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In public work I suggest no waiver on the bidder’s form be accepted. Review the bid form with all potential bidders so there is no mistakes on bid day. This eliminates challenges from a protest circumstance.

Owners and or Architects that perform a lot of bidding should have a consistent bid form. If a change in your form is made make sure you review this change with all bidders at the pre-bid meeting.

I believe a public entity has a right and responsibility to accept the bid that is in the best interest of that entity. If waiving a bid irregularity will result in the best value to a City and its taxpayers, the City should be obligated to do so.

There could be an Errors and Ommisions penalty that the low bidder could forfeit if there company has create an acceptable error. In the case that a low bid has one of these acceptable errors (an agreed upon list open to the public) this amount should be taken off of the low bid. This will give the low bidder a chance to get the project after they have spent many hours / resources bidding the project and allow the township to save money by keeping the low bid and enforcing the penalty.

By accepting an irregularity such as this, the owner would in effect by allowing the contractor two bites at the apple. For the sake of argument, assume that the changes lowered the bid by $100K. If he was low by $50K, he can argue the the irregularity can be waived. But if he was low by $150K, couldn't he then argue that the owner has to ignore the changes?

I think it is important that the agency live by the bid requirements to the letter if they are to avoid protests.

What is suppose to happen in the bid process when a specific product is specified and lets say four people bid. Three people bid per the specifications and one decides that they will be a lesser product. If the end user accepts their bid then in my estimation the bid process becomes a sham, as the other three bidders lose simply because they bid what was in the specifications. It would seem to be fair that if the end user is willing to accept a lesser product the other three bidders should be given the opportunity to bid that product. They may well still not be the low bidder but at least they had a fair oppurtunity.

My test of whether or not it can be waived or not is whether it's a minor irregularity. I define that as one that does not give the bidder with the irregularity a competitive advantage over other bidders. If it does, it's material and cannot be waived.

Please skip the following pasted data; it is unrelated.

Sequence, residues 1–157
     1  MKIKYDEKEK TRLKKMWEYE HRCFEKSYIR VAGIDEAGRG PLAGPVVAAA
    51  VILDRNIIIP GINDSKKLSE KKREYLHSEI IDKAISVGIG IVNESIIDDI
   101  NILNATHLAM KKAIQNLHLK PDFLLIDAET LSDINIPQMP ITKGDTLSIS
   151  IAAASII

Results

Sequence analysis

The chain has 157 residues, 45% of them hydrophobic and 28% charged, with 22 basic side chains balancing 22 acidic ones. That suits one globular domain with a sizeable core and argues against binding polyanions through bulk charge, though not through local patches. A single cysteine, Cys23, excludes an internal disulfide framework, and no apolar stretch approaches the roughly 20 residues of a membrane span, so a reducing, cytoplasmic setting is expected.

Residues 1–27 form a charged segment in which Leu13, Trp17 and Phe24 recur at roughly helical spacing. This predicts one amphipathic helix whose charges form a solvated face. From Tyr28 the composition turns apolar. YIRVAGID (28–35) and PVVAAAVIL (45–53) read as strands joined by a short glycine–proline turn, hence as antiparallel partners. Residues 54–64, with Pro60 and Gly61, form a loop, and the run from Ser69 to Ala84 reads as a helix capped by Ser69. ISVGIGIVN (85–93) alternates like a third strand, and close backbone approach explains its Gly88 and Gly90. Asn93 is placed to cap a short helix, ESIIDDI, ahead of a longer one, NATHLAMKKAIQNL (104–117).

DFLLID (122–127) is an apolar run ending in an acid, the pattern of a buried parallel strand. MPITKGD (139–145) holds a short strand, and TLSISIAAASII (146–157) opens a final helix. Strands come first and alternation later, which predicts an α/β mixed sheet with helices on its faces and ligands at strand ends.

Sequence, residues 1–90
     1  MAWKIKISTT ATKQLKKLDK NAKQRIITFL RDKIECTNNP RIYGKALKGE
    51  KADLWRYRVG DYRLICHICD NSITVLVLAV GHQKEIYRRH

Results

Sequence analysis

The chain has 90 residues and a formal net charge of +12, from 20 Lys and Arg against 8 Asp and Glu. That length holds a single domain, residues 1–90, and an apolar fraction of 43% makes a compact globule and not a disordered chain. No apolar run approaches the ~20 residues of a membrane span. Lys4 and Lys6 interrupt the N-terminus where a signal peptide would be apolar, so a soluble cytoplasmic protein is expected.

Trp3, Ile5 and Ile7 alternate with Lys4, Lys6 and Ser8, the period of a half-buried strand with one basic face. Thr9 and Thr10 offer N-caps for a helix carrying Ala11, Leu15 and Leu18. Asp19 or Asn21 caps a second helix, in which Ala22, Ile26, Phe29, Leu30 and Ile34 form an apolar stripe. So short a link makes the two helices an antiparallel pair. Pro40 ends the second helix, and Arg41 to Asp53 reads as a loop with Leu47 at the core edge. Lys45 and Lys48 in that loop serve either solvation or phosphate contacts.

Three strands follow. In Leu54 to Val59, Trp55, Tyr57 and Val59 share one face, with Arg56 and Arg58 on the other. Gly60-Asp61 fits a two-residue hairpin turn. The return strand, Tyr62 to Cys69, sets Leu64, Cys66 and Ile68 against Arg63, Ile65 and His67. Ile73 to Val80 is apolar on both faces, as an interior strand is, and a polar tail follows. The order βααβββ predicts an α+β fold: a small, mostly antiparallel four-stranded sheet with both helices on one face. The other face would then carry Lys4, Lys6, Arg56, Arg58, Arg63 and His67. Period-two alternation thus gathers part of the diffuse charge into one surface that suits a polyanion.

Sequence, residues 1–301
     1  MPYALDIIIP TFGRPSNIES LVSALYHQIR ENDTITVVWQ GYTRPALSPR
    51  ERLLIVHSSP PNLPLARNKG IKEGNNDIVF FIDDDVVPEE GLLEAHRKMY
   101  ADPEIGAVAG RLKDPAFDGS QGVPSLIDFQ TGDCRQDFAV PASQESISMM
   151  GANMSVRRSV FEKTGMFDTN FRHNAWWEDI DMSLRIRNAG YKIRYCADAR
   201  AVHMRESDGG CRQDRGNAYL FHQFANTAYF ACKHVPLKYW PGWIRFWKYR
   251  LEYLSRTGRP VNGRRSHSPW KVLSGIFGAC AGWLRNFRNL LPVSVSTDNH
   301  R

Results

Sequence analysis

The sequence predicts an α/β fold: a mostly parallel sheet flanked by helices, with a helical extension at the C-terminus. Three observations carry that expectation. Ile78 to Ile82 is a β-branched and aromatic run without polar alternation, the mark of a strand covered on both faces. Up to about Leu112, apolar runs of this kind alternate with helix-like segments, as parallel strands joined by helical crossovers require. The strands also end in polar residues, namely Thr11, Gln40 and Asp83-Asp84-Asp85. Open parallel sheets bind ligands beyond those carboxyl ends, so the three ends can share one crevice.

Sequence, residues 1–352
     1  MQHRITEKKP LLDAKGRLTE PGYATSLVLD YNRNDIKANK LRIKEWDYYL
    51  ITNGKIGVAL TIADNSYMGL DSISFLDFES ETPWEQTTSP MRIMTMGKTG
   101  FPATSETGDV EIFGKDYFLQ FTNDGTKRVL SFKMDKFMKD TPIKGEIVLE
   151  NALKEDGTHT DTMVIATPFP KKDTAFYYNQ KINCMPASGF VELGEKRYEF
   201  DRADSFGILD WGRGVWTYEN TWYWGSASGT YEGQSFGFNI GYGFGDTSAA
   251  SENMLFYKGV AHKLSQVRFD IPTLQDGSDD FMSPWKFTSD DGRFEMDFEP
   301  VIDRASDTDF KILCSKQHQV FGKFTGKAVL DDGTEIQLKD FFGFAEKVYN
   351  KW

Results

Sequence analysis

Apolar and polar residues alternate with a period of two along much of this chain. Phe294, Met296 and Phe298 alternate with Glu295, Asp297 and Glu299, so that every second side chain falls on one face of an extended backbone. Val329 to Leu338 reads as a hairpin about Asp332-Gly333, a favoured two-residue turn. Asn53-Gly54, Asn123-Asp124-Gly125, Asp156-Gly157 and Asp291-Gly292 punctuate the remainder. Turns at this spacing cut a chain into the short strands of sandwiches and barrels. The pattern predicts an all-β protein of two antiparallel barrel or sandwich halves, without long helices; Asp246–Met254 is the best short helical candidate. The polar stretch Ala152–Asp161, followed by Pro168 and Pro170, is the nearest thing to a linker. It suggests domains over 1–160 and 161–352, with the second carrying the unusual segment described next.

An irregularity in a bid is generally deemed to be material if it affects price, quantity, quality, or delivery. Also, if the bidder could refuse to perform the contract and back out, having its bid security returned based upon asserting the irregularity as a mistake, the irregularity is a material deviation and may not be waived. In such event, the bidder can only be relieved by claiming mistake and withdrawing the bid, assuming the mistake is clerical in nature and not the result of an error of judgment. In reality, however, it doesn't much matter, because public entity boards, councils, and procurement bodies routinely do what costs them the least, regardless of what the law says. They realize that courts go to great lengths to defer to their discretion, and that it is extremely expensive for disgruntled bidders to pursue judicial remedies like writs of mandate. Courts are also loathe to enjoin the letting of a contract to the chosen bidder, because the public entity always claims the project delivery is needed now. Even if they ultimately lose in court, the prevailing party unsuccessful bidder is not awarded its lost profits, but rather its cost of preparing its bid, which makes the whole process not economically feasible. Bottom line is that you must do everything you can to win bid disputes at the administrative level.

In the case described here, the lack of initials seems to be a non-substantive clerical omission. If the bid complies in all other substantive ways, then the low bidder should simply be asked to initial the document.

In a case where a low bidder has proposed an alternative that deviates from the specifications yet is acceptable to the public agency and saves significant taxpayer money, then the other bidders should be given an opportunity to bid as well on that less expensive option. I have had personal experience of being unable to propose a significant cost savings on a public works project. In effect, I was told, "We don't care about cost savings - just stick to the specifications". That is unfair to the taxpayers.

About this deviation and irregularity of lower bid, I think there shall be two aspects to be concerned:
First, technical, which is of specification, drawing and SOW. The comparison in the end has to be apple to apple. If any bidder raise an alternative technical option which lower the cost significantly, all other bidders shall be advised the alternative options as well.
Second, commercial, which is of all other contractual terms apart from price. It is case by case. Say, in some case, the maintenance is exclusive to the owner. Then the relevant terms shall be strictly complied. If there’s any deviation on this of lower bid, purchaser shall drag it back to the required term even if the price will increase accordingly. But for something else, like payment term, sometime is quite flexible to the owner, the deviation of bid on this could be acceptable if the cost is in the favour of owner.

The lesson for owners is: Be careful what you ask for. Mandatory provisions should be kept to a minimum.

If the Bidder has a better idea he should submit an ALTERNATE proposal to the Government alongside their per plans and specs proposal.

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